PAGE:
Description Usage Arguments Details Value Examples

For a given data matrix and its corresponding vector of labels, we calculate the cross-validation (CV) error rate for a given classifier.

1 2 | ```
errorest_cv(x, y, train, classify, num_folds = 10,
hold_out = NULL, ...)
``` |

`x` |
a matrix of n observations (rows) and p features (columns) |

`y` |
a vector of n class labels |

`train` |
a function that builds the classifier. (See details.) |

`classify` |
a function that classifies observations
from the constructed classifier from |

`num_folds` |
the number of cross-validation folds.
Ignored if |

`hold_out` |
the hold-out size for cross-validation. See Details. |

`...` |
additional arguments passed to the function
specified in |

To calculate the CV error rate, we partition the data set into 'folds'. For each fold, we consider the observations within the fold as a test data set, while the remaining observations are considered as a training data set. We then calculate the number of misclassified observations within the fold. The CV error rate is the proportion of misclassified observations across all folds.

Rather than partitioning the observations into folds, an
alternative convention is to specify the 'hold-out' size
for each test data set. Note that this convention is
equivalent to the notion of folds. We allow the user to
specify either option with the `hold_out`

and
`num_folds`

arguments. The `num_folds`

argument
is the default option but is ignored if the
`hold_out`

argument is specified (i.e. is not
`NULL`

).

For the given classifier, two functions must be provided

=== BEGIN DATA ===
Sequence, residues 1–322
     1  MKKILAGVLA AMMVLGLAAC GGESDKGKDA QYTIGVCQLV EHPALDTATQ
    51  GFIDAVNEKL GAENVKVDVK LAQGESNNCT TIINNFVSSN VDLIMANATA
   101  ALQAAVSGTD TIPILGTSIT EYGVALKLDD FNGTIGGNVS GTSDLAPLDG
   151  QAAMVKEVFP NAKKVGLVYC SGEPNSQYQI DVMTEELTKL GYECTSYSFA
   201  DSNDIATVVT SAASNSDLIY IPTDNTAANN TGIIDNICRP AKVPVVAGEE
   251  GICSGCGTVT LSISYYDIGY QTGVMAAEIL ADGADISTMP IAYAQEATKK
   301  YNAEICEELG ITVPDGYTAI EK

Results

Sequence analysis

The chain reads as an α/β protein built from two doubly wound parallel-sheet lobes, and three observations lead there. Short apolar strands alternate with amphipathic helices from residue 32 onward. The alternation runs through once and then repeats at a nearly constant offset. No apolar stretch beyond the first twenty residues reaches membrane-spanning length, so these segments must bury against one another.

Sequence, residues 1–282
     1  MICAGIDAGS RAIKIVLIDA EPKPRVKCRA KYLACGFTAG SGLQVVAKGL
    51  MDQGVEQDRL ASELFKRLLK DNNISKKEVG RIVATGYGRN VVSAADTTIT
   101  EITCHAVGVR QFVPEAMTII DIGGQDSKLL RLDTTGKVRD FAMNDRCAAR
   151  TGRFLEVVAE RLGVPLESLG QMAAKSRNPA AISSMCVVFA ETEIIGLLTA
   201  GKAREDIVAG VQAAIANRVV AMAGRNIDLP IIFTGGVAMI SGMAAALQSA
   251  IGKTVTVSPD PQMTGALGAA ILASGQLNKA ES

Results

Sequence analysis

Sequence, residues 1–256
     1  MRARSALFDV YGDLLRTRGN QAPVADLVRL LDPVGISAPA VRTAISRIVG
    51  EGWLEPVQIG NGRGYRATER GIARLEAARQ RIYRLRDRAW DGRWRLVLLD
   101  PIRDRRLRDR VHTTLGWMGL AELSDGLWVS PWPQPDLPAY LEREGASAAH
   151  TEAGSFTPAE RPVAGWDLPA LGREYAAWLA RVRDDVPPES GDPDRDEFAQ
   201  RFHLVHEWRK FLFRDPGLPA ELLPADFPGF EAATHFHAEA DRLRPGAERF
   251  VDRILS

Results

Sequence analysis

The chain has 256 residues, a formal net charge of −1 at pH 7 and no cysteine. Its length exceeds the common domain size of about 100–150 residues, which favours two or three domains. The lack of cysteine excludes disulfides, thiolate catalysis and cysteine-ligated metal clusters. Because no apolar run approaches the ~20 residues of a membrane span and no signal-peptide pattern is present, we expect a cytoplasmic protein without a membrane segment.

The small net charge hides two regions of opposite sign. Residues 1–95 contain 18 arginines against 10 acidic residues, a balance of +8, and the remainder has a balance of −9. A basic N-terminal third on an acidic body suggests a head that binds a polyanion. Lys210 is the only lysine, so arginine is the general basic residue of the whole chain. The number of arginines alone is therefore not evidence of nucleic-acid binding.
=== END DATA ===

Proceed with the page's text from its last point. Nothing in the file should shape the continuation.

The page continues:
1. to train the classifier and 2. to classify unlabeled
observations. The training function is provided as
`train`

and the classification function as
`classify`

.

We expect that the first two arguments of the
`train`

function are `x`

and `y`

,
corresponding to the data matrix and the vector of their
labels, respectively. Additional arguments can be passed
to the `train`

function.

We stay with the usual R convention for the
`classify`

function. We expect that this function
takes two arguments: 1. an `object`

argument which
contains the trained classifier returned from the
function specified in `train`

; and 2. a
`newdata`

argument which contains a matrix of
observations to be classified – the matrix should have
rows corresponding to the individual observations and
columns corresponding to the features (covariates). For
an example, see `lda`

.

the calculated CV error-rate estimate

1 2 3 4 5 6 7 8 9 10 11 | ```
require('MASS')
iris_x <- data.matrix(iris[, -5])
iris_y <- iris[, 5]
# Because the \code{classify} function returns multiples objects in a list,
# we provide a wrapper function that returns only the class labels.
lda_wrapper <- function(object, newdata) { predict(object, newdata)$class }
set.seed(42)
errorest_cv(x = iris_x, y = iris_y, train = MASS:::lda, classify = lda_wrapper)
# Output: 0.02666667
``` |

sortinghat documentation built on May 30, 2017, 4:52 a.m.

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